Sorry, I know it's wrong to make fun of people with mental challenges, but I can't resist the temptation to pile onto Michael Kaiser (who is, I can barely believe, a graduate of my own alma mater, MIT!), after he has been all but buried under a heap of ridicule for this truly block-headed cri de coeur on the Huffington Post. In that by-now-infamous whine, Kaiser lamented the demise of the professional critic, and found the rise of reviewing on the Internet "a scary trend." (Included in that trend were not only bloggers like moi, but also frequenters of chat rooms, people who write for "professional" websites like Broadway World, and even folks who praise or diss shows they've seen on the producing theatres' own websites.) In essence, Kaiser worried that without paid critics offering the public guidance, "art that appeals to the lowest common denominator will always be deemed the best."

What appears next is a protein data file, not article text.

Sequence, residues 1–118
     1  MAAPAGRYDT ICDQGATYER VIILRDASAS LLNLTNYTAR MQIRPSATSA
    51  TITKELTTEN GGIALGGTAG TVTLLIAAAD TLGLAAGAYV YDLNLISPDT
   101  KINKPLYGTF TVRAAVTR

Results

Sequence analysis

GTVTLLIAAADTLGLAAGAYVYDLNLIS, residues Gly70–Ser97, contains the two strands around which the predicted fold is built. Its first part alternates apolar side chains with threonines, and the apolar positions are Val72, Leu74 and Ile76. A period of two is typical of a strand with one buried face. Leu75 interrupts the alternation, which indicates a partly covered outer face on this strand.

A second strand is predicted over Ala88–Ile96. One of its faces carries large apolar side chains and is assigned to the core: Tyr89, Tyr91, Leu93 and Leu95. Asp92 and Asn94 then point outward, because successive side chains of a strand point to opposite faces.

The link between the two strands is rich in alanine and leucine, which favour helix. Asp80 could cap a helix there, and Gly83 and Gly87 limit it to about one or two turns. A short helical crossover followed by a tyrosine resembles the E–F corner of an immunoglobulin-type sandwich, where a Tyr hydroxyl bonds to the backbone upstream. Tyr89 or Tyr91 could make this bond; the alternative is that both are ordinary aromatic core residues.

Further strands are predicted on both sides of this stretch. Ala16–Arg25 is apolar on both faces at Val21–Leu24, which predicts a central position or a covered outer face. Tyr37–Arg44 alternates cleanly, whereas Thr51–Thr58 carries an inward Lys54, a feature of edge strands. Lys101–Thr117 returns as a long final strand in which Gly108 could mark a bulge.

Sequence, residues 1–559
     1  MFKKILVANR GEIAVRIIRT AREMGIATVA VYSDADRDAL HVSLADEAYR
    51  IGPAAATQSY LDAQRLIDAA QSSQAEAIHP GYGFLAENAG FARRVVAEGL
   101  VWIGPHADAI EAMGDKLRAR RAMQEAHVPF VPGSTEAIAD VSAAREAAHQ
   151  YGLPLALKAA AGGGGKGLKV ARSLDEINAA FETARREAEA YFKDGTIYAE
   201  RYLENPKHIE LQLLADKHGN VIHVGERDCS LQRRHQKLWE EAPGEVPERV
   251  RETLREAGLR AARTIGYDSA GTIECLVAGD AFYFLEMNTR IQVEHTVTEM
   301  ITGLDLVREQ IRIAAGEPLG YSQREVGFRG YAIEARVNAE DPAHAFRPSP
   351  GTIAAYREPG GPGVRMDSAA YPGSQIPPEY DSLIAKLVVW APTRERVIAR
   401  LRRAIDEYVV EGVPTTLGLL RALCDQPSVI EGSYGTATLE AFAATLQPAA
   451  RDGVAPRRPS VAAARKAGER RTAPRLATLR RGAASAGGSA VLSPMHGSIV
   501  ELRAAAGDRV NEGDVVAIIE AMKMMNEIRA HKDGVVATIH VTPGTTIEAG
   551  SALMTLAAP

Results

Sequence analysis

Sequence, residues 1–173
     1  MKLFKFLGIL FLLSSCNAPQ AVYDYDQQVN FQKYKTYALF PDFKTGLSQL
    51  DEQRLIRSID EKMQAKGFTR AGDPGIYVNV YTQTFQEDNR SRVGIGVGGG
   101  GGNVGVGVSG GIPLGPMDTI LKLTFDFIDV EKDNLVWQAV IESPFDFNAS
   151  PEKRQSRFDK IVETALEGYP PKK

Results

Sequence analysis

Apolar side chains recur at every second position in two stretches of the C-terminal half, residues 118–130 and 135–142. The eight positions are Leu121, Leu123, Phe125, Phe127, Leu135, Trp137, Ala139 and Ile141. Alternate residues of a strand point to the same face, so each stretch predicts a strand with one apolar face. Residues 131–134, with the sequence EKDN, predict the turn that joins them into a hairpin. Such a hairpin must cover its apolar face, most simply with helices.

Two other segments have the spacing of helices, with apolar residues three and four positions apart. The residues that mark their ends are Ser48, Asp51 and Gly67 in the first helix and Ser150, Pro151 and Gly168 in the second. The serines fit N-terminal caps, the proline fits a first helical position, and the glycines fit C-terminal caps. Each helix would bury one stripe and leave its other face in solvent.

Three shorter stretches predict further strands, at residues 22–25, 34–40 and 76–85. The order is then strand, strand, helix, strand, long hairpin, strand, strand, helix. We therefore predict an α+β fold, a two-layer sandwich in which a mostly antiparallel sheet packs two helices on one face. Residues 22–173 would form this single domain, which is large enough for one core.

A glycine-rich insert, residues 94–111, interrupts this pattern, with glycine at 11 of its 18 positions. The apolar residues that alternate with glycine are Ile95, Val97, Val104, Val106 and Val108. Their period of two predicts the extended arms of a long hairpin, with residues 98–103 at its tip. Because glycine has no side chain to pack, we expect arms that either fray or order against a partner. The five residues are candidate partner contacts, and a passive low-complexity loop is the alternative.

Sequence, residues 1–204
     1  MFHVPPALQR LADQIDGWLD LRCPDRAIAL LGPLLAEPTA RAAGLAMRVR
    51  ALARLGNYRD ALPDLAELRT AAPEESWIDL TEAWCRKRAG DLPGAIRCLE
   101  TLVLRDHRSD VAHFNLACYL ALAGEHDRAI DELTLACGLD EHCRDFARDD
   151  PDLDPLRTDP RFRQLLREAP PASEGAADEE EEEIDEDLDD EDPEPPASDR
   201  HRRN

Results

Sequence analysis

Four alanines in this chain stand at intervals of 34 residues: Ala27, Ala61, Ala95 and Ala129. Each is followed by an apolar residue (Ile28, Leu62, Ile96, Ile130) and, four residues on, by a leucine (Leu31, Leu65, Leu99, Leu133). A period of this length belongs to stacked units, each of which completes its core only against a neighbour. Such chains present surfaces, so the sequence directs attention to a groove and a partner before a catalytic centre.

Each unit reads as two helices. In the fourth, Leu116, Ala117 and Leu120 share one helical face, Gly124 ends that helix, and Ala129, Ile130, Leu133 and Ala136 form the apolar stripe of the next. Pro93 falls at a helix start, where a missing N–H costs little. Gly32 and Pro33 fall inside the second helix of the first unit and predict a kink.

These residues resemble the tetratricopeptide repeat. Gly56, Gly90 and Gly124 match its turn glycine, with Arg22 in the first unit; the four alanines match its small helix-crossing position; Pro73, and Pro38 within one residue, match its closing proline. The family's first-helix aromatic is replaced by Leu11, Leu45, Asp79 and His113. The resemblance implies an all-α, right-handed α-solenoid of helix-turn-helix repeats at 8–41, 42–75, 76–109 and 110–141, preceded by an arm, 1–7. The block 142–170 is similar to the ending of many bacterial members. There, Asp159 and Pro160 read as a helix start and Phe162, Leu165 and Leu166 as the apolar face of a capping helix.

And you know, at first glance, that sounds like an argument, I suppose. But only at first glance. The fact that it has been posted on a website that does not pay its authors should, I think, be the first amusing signal that all's not right with Kaiser's analysis. (For in effect, he's arguing against his own forum, isn't he?) And then one has to wonder - exactly what Golden Age of Professional Criticism is he referring to? There has never been a moment (in my lifetime, at least) in which print critics in Boston were leading any kind of intellectual charge for any kind of theatre - much less proffering complex arguments of any real artistic discernment. In New York - yes, a bit; but honestly only from a handful of people, who were wrong almost as often as they were right. I suppose there were a few glimmers of critical ability in Chicago and on the West Coast over the years; and I know some folks cling to Theatre of Revolt as an example of engaged criticism - although to me, Robert Brustein's own checkered theatrical career kind of undermines that argument; but hey, I'll throw his fans a bone - one book, fifty years ago. And Frank Rich was a smart guy with a sharp, upper-middle-brow eye. But all in all, I'm inclined to say: